A message about Smart Compose from Google's Help Center reads, "As language understanding models use billions of common phrases and sentences to automatically learn about the world, they can also reflect human cognitive biases. Being aware of this is a good start, and the conversation around how to handle it is ongoing."

Google is not alone

Google isn't the only company dealing with the challenge of getting pronouns right.

Agolo, a New York-based startup, uses artificial intelligence to summarize business documents. It is difficult for the company's technology to reliably determine what pronoun goes with what name, said chief technology officer, Mohamed AlTantawy. To help with accuracy, company's program pulls as much context from the document as possible.

"The rule here is if any task is intellectually hard for humans, it's also hard to solve using AI," said AlTantawy.

For example, take the sentence: "Andy and Alex met yesterday when she gave him the gift."

"You have no way of knowing the gender of Andy or Alex," said AlTantawy. "You would assume that Andy is a female because that name appeared first in the sentence."

But additional context helps: "Andy and Alex met yesterday when she gave him the gift. Alex is a great mother."

"Now this changed everything! It turns out that Alex is the female," AlTantawy explained.

As another layer of fact-checking, Agolo also utilizes a database of known facts about companies that includes the headquarters, products and names and genders of prominent employees, AlTantawy said.

Microsoft’s LinkedIn also avoids gendered pronouns in its year-old predictive messaging tool, Smart Replies.

According to Arpit Dhariwal, principal product manager at LinkedIn, the company does not collect the gender of members and allows members to use their preferred professional names on their profiles. In addition, features including Smart Replies only use pronouns that are gender neutral, like "their" or "you."

"We find it more effective to use a member’s profile name in responses, where applicable, e.g., 'Thank you, Erica,'" Dhariwal said.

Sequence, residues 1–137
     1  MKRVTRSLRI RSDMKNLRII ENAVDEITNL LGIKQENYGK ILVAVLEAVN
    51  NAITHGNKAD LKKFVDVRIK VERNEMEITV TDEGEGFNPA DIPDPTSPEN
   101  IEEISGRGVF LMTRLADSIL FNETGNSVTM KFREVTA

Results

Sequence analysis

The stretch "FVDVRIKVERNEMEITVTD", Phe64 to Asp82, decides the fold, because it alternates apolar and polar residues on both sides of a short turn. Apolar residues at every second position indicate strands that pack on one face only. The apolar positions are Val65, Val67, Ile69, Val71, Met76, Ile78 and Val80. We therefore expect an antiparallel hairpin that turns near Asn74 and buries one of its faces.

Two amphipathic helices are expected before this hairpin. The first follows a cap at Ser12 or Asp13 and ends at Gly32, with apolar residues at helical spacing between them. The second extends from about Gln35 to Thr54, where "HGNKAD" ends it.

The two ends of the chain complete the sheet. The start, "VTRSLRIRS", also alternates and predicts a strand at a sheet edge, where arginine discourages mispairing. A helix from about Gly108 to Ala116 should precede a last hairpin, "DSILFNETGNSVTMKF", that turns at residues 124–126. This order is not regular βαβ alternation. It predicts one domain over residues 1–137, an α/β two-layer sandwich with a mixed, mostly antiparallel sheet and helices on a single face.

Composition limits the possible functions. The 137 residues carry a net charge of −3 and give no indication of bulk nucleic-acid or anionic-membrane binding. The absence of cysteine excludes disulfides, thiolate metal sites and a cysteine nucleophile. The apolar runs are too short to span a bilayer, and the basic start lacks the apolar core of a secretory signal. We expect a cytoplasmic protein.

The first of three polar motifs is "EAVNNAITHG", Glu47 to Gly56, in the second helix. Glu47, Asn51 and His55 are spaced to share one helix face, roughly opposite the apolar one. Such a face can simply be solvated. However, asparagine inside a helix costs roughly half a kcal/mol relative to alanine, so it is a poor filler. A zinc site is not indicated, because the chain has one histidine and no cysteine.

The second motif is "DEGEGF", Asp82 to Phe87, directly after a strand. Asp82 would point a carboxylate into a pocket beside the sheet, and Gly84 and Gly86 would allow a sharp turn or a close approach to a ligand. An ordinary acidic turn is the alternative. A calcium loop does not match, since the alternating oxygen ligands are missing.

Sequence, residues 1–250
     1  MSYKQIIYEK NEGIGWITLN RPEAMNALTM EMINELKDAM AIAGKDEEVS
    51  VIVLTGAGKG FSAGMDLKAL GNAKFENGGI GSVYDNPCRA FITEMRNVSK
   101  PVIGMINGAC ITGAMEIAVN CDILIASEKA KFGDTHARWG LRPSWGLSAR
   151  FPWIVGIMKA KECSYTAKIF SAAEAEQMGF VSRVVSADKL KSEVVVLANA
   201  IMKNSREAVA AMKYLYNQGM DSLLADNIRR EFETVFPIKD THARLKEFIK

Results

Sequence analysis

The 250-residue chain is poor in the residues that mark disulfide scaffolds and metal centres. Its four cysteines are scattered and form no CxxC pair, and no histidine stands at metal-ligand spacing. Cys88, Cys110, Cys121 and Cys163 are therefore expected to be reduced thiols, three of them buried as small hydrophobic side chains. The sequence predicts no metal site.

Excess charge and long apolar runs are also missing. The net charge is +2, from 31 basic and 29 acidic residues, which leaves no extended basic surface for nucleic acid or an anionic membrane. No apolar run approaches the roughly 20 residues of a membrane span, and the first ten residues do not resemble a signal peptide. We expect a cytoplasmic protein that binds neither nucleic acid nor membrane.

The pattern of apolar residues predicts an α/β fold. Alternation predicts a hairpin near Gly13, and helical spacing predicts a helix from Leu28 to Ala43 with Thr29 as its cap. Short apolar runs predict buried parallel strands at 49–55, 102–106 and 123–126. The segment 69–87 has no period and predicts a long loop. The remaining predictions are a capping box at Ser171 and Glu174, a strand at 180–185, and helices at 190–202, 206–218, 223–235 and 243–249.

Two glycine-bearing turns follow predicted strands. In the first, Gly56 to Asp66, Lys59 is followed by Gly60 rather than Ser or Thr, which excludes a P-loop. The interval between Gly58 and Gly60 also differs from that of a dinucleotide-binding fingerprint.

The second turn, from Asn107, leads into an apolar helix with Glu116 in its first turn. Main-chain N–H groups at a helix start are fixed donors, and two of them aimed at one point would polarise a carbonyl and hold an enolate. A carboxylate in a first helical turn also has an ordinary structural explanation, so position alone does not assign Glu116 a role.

'O bir doktor': ambiguity in foreign languages

Some autocomplete suggestions might not offend people but still have gender-related implications. In its iMessage application, Apple suggests “policemen” to complete “police” and “salesman” for “sales,” for example.

When you type the gender-neutral Korean sentence “Geubun-eun gyosu ibnida" into Google Translate, it gives you “He is a professor” in English. So does Microsoft's translator app and Alibaba's Language Service.

In December, Google published a press release that said the company was addressing gender bias by providing feminine and masculine translations for some gender-neutral words.

"Now you’ll get both a feminine and masculine translation for a single word — like 'surgeon' — when translating from English into French, Italian, Portuguese or Spanish. You’ll also get both translations when translating phrases and sentences from Turkish to English. For example, if you type 'O bir doktor' in Turkish, you’ll now get 'She is a doctor' and 'He is a doctor' as the gender-specific translations," the statement reads.

AI Now’s 2017 report says that the lack of women and ethnic minorities working in the field of artificial intelligence is a foundational problem shaping the development of AI products and their impact on society.

"Many technology companies are making diversity a priority in the hope that employees with broader experiences can help reduce the risk of hidden bias," said Haynes.

"Any company whose technology speaks directly to consumers using artificial intelligence, machine learning, or deterministic rules will run into this problem at some point and come to the crossroads of deciding how their technology is best suited to broach the subject," he added.